If you don’t believe the era of the cyborg is upon us, you haven’t been watching the news this week. An Australian firm announced it will begin human testing of a fully implantable bionic eye, a Canadian inventor became a DIY Iron Man when he demonstrated his homemade exoskeleton and we got an update from an eyeborg who has a camera hidden in his fake eye.
A team of scientists at the University of New South Wales say they’re ready to give a human being a fully implantable eye which has world’s first neural stimulation technology. Called the Phoenix99, it will be implanted in a 3 hour operation to place it in a position to send electrical signals that stimulate the nerve cells in the retina. Those signals are picked up and sent to the visual cortex of the brain, where they are translated into visual images. The user wears special glasses with a camera to capture the images and a disc behind the ear which powers the bionic eye and transmits the data from the glasses.
Co-inventor Greg Suaning says he expects to perform 12 implants over the next two years and the patients will be trained to use the eye much the same way others learn to use cochlear ear implants.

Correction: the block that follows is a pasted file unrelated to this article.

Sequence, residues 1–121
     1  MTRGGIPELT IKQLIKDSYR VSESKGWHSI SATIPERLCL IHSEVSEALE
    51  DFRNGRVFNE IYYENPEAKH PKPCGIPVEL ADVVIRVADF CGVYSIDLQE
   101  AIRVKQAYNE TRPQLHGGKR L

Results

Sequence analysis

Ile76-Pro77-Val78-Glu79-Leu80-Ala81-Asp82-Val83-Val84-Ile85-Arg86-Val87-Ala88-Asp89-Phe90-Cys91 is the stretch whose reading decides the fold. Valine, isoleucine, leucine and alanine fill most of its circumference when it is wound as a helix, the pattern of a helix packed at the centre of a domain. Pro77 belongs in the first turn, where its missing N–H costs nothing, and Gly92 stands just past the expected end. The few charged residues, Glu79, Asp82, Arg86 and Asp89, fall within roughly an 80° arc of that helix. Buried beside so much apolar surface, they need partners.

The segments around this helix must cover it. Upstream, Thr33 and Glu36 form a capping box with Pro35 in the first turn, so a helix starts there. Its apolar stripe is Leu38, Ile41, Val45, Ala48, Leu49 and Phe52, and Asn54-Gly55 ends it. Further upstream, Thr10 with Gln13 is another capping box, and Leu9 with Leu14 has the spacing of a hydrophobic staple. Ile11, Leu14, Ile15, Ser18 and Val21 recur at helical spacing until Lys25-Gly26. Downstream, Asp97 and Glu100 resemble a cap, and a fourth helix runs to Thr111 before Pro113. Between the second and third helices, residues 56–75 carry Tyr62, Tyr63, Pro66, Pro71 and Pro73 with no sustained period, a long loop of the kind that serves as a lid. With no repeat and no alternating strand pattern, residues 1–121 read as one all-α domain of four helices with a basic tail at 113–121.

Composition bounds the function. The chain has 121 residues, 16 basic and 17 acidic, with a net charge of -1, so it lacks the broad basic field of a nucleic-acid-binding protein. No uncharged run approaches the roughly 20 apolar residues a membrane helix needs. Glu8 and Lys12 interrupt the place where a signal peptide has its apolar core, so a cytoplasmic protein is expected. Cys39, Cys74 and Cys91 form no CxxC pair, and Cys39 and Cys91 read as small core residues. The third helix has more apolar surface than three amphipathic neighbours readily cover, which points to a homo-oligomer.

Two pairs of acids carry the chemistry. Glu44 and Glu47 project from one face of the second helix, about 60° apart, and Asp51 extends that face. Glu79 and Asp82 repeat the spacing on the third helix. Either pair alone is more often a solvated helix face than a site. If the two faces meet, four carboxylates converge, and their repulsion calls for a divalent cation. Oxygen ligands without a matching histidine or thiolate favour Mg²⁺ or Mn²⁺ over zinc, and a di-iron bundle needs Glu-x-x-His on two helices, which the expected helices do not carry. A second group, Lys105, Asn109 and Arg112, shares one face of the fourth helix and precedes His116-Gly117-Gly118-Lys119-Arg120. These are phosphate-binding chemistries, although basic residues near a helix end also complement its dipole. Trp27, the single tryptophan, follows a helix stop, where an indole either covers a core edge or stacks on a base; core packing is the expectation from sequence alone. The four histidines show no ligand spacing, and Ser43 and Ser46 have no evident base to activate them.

Jason Hobson, aka The Hacksmith, called upon his degree in engineering, experience in mechanical design and interest in “everything exoskeleton related” to build a homemade exoskeleton suit that allowed him to lift a Mini Cooper a foot off the ground using just his legs (before you sneer about its size, the Mini weighs (2525 pounds (1,145 kg).
Hobson made the exoskeleton from a pair of 63mm bore diameter pneumatic cylinders, locking joints for leg support and other stuff from his garage. He has also built upper body suits for mechanically-enhanced arm lifting. Hobson keeps things simple and inexpensive by avoiding batteries or powered assistance and instead takes advantage of leverage and gear ratios.
While not new, filmmaker Rob Spence revealed upgrades to the eyeball camera he first put into his empty eye socket (he was blinded as a boy by a gun injury) in 2011 to turn himself into the “Eyeborg.” The latest version looks like a regular eye prosthesis but has a tiny digital camera behind the lens connected to a micro radio-frequency transmitter.
Spence activates the eye camera by touching it with a magnet and sees what it’s seeing on a handheld monitor. Unfortunately, he’s limited to three minutes of usage at a time before the device gets too hot to wear.
It’s not a tool for the blind like the Phoeniz99. Spence uses it as a hidden camera for his film documentaries. Nefarious but still ingenious.
These inventors are using technology to fix and enhance the human body, sometimes with common materials and old-fashioned ingenuity. James Hobson says it best:
That’s what gets me excited.